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The Kindness of Community


Over the past several weeks I have found myself rather full of hope – and emotion – as I’ve listened to the stories of the Syrian refugees who are making their way into our communities.  What has been so exciting to see is the outpouring of kindness and support that our new neighbours have experienced as they arrive here.  And, I’m sure that will increase dramatically over the next weeks as so many more arrive.

But it isn’t just on the national stage that kindness has been apparent.  This week I saw a young man stop his car on a busy street to rush over to the assistance of an older gentleman who had decided to take a walk in the sunshine in his loudly colourful plaid pajamas!  It was a touching scene in the midst of traffic chaos.

Perhaps it is just the time of year or a renewed atmosphere of caring abroad in our country at the moment.  But even in the face of daily reports of sadness, suffering and tragedy in the news and around us, there is evidence that one can make a difference.  The following few paragraphs came across my desk today in a blog in a US journal to which I subscribe.  It focuses on leadership, but seems quite relevant to all types of human service work:

“When you are awake to the interconnectedness of our world and aware of the brilliant potential contained within its vast network of valuable beings, the immensity of need and injustice can be overwhelming.

There have been genocides, wars, famines, and countless struggles before us. But today the world is more globally connected than ever before. Information technology collapses time zones, and the instantaneity of the information age makes the terror and duress of others crystalline—virtually impossible to ignore.

As leaders of organizations, teams, or constituencies, what are we supposed do with this information? How do we remain visionary and effective even while the world seemingly crashes around us? How do we metabolize it, and how does it feed our leadership?

The first important step to answering that question is to ensure that we ask it. There is huge significance in simply pausing to consider: How is our particular global context impacting us, informing our leadership, and affecting those we lead? As humans, we are porous, inter-relational creatures. We exist within a complex and ever-changing constellation of experiences and challenges. Nobody lives or leads in a vacuum.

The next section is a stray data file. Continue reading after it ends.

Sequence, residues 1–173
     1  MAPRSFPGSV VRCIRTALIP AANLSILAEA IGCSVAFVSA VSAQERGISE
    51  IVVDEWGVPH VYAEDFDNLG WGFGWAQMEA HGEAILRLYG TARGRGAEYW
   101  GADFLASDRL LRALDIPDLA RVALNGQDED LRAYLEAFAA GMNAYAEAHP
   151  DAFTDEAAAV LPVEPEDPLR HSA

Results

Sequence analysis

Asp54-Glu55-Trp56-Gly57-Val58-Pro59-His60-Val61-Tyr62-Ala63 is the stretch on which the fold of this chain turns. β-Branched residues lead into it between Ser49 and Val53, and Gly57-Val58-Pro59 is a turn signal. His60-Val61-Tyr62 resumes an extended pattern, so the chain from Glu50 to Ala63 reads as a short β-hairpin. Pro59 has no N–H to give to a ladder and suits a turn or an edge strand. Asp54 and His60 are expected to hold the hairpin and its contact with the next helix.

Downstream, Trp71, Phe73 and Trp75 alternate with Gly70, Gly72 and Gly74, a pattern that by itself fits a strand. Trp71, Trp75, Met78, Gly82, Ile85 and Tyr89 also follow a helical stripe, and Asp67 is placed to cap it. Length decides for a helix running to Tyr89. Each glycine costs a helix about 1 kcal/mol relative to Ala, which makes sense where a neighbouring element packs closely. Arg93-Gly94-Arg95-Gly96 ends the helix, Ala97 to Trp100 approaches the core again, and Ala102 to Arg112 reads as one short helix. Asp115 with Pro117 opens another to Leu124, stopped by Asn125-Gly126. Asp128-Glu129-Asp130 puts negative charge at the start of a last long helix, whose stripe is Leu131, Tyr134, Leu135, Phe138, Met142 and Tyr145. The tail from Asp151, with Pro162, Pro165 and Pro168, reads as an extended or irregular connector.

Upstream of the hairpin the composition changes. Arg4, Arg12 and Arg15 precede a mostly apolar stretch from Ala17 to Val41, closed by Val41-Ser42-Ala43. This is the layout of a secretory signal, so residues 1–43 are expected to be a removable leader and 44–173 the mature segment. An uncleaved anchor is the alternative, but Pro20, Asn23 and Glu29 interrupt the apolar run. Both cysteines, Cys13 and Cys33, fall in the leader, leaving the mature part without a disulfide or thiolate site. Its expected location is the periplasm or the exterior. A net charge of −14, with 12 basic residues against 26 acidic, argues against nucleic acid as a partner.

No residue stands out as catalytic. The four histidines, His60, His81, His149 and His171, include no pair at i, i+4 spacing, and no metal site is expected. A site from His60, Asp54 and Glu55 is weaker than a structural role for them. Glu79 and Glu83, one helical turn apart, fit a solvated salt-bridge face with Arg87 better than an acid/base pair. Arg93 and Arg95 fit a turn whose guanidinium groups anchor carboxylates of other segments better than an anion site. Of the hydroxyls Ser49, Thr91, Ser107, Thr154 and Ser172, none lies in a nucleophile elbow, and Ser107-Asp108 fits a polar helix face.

The second step to answering that question is to realize that we always have a choice. We can entertain fear, close our doors, and squint suspiciously at strangers. We can project terror onto those most vulnerable, boomeranging intolerance and violence back out into the world, because we’re too afraid to move beyond it.

Or we can remain open. We can remain open despite every reason not to. We can digest fear, and use it to stoke the embers of compassion and inform our actions accordingly. We can acknowledge our own humanity—which includes acknowledging fear, uncertainty, and feelings of vulnerability—as well as the humanity of others.

At times like these, when the news is an endless litany of upsetting events, it is far too easy to let rage slide into violence, or allow fear to shut us down to the humanity of others. We have examples of that all around us. But leadership doesn’t entail taking the easy option.

A recent poll showed that Americans’ fear of terrorism is the highest it has been in more than a decade, since the aftermath of September 11. That is an immense amount of potential energy, and fear doesn’t abide for very long before it spurs action. That action can be disastrous, or it can be inspirational and constructive. It is critical that we as leaders, wherever we live and whomever we lead, reflect long and hard on these times. It is within each of our abilities to decide how to parlay these grave moments into opportunities for resilience, inspiration, and hope.”

(Stanford Social Innovation Review, Bush & Mack, December 16, 2015)


As you take a break from the work you do every day – coming alongside people who need support, leadership, guidance and clarity – please be sure that what you are doing makes a difference.  And, may the spirit of this season give you the inspiration you need to continue that good work in the year to come.


Carolyn Fast

BCACC Executive Director


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